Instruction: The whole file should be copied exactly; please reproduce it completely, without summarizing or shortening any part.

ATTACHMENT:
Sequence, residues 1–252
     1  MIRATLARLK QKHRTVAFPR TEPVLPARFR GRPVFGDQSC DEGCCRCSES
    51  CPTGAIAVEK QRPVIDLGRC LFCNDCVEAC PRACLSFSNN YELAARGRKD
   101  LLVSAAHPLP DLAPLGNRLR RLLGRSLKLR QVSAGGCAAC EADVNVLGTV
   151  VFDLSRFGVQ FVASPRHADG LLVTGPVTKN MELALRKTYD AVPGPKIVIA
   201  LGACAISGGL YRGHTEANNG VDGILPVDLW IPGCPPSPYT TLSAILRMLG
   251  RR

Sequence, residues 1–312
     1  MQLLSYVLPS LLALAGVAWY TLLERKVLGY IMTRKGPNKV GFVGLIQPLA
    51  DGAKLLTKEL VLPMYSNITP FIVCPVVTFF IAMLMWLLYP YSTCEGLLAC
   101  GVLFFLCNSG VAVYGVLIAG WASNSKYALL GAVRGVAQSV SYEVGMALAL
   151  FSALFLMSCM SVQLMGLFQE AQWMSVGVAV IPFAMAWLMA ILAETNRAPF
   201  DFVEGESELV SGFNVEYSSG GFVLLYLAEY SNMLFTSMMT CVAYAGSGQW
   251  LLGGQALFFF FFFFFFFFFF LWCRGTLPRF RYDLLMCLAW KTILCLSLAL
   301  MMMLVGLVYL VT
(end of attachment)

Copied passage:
Sequence, residues 1–252
     1  MIRATLARLK QKHRTVAFPR TEPVLPARFR GRPVFGDQSC DEGCCRCSES
    51  CPTGAIAVEK QRPVIDLGRC LFCNDCVEAC PRACLSFSNN YELAARGRKD
   101  LLVSAAHPLP DLAPLGNRLR RLLGRSLKLR QVSAGGCAAC EADVNVLGTV
   151  VFDLSRFGVQ FVASPRHADG LLVTGPVTKN MELALRKTYD AVPGPKIVIA
   201  LGACAISGGL YRGHTEANNG VDGILPVDLW IPGCPPSPYT TLSAILRMLG
   251  RR

Sequence, residues 1–312
     1  MQLLSYVLPS LLALAGVAWY TLLERKVLGY IMTRKGPNKV GFVGLIQPLA
    51  DGAKLLTKEL VLPMYSNITP FIVCPVVTFF IAMLMWLLYP YSTCEGLLAC
   101  GVLFFLCNSG VAVYGVLIAG WASNSKYALL GAVRGVAQSV SYEVGMALAL
   151  FSALFLMSCM SVQLMGLFQE AQWMSVGVAV IPFAMAWLMA ILAETNRAPF
   201  DFVEGESELV SGFNVEYSSG GFVLLYLAEY SNMLFTSMMT CVAYAGSGQW
   251  LLGGQALFFF FFFFFFFFFF LWCRGTLPRF RYDLLMCLAW KTILCLSLAL
   301  MMMLVGLVYL VT